My parents were inspired by Lloyd C. Douglas, an American Congregationalist pastor who wrote "The Robe", "The Big Fisherman", "Magnificent Obsession" and other similar stories. His work affected their ideas and the way they raised us, and I was always impressed with his most important work (to me), "White Banners".

Recently, I discovered a similar philosopher/ethicist in Robert Fuller. He recently spent quite a period of time in Australia and the neighboring countries, so I thought you might have met him.

You had mentioned in an earlier spot that ethics and philosophy are important areas of engagement for you and your students, and I thought you might be interested in the work of Robert Fuller. Wikipedia has an entry on him, and I clipped a bit of it here: "Fuller has defined rankism as: 'abusive, discriminatory, or exploitative behavior towards people who have less power because of their lower rank in a particular hierarchy' "

He lectures and writes on this topic, the abuse of what he calls rankism. There is a group who supports his work by providing an online presence, so I went to their website: http://www.breakingranks.net. A really nice website.

Last time I went to Barnes and Noble I found his first book on this subject concerning ethical behavior in modern times: "Somebodies and Nobodies: Overcoming the Abuse of Rank"

So, I want to share with people who have also indicated an interest in developing and maintaining positive ethics among teachers, students and their community.
At 6:20am on October 22, 2007, Nancy Bosch said…
Click on it and you should be able to get the big one!! http://connections.smsd.org/veterans/reception_photos.htm I have another one that tickles me, too. From Talk Like A Pirate Day. http://connections.smsd.org/el/pirates%20018.jpg
At 5:57pm on October 21, 2007, Nancy Bosch said…
Thanks for the photo of the cart-laden dish! Here is another one I've always loved, 7 years ago we interviewed 54 WWII veterans...after the 6 months long project we had a reception for the veterans and showed them the website---here is picture of Ralph S. using a computer for the first time, looking at the stories and interviews we published to the web. http://connections.smsd.org/veterans/shack2.jpg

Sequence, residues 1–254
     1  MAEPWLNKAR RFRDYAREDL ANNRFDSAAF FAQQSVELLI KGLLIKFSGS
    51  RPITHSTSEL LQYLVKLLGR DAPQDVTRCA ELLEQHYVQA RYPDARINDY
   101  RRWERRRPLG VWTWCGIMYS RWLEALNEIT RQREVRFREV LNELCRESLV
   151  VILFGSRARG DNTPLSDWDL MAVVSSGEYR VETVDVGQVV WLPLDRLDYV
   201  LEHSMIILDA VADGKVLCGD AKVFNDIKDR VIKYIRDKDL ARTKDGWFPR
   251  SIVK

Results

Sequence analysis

At 12:03pm on October 18, 2007, Jennifer Koch Lubke said…
Thanks for the Wallace and Grommit video clip! It's a perfect encapsulation of what I was trying to say in my last blog post. Do you mind if I embed it at my blog?

You mentioned wanting to "see" some pictures of growth and success -- do you mean in the area of visionary web policy?

If so, that is the problem, there just aren't a lot of solid models out there. I have uncovered a few interesting resources in the last few days -- I'll post some links at my blog for you to take a look.

In the interim, Will Richardson conducted a chat yesterday at the National School Board Association web site, and I asked him specifically about sharing model policies. You can read what he says in the transcript posted at the NSBA web site. His response suggests to me that what you are doing with your own faculty on Ning is the best approach (rather than drafting layer upon layer of policy).
At 5:56pm on October 17, 2007, Simon said…
Hi Ian,
Hello from South West Victoria, Australia. I look forward to sharing and learning with you about the world of Web 2.0 and the great things we can do with our students and teachers.